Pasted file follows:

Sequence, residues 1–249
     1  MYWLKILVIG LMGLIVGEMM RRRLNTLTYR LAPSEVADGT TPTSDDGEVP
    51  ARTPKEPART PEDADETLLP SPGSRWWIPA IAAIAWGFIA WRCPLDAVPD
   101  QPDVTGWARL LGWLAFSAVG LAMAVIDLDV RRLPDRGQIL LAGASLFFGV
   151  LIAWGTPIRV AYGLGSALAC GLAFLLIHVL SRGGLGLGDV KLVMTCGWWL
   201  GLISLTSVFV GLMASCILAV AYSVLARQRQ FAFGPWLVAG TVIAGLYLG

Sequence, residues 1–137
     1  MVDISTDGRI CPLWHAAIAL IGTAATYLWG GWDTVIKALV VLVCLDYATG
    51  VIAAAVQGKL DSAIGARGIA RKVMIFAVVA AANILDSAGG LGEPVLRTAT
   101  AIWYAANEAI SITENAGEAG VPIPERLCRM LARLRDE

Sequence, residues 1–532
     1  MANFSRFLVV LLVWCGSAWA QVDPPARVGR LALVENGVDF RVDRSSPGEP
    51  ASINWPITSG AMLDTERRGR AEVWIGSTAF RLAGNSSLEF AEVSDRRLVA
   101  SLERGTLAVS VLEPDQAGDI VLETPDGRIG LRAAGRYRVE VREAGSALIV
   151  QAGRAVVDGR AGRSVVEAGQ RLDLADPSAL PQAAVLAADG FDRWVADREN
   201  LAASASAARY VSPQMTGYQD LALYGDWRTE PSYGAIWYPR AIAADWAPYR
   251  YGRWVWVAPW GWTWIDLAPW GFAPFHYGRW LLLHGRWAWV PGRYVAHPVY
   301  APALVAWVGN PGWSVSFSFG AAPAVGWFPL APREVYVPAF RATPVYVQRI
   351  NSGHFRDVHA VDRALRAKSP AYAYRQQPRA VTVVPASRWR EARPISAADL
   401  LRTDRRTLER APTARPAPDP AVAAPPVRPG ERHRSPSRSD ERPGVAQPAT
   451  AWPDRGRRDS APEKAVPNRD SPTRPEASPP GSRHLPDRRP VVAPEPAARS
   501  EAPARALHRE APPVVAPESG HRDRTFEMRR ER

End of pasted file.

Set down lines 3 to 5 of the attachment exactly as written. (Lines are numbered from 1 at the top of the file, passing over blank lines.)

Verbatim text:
    51  ARTPKEPART PEDADETLLP SPGSRWWIPA IAAIAWGFIA WRCPLDAVPD
   101  QPDVTGWARL LGWLAFSAVG LAMAVIDLDV RRLPDRGQIL LAGASLFFGV
   151  LIAWGTPIRV AYGLGSALAC GLAFLLIHVL SRGGLGLGDV KLVMTCGWWL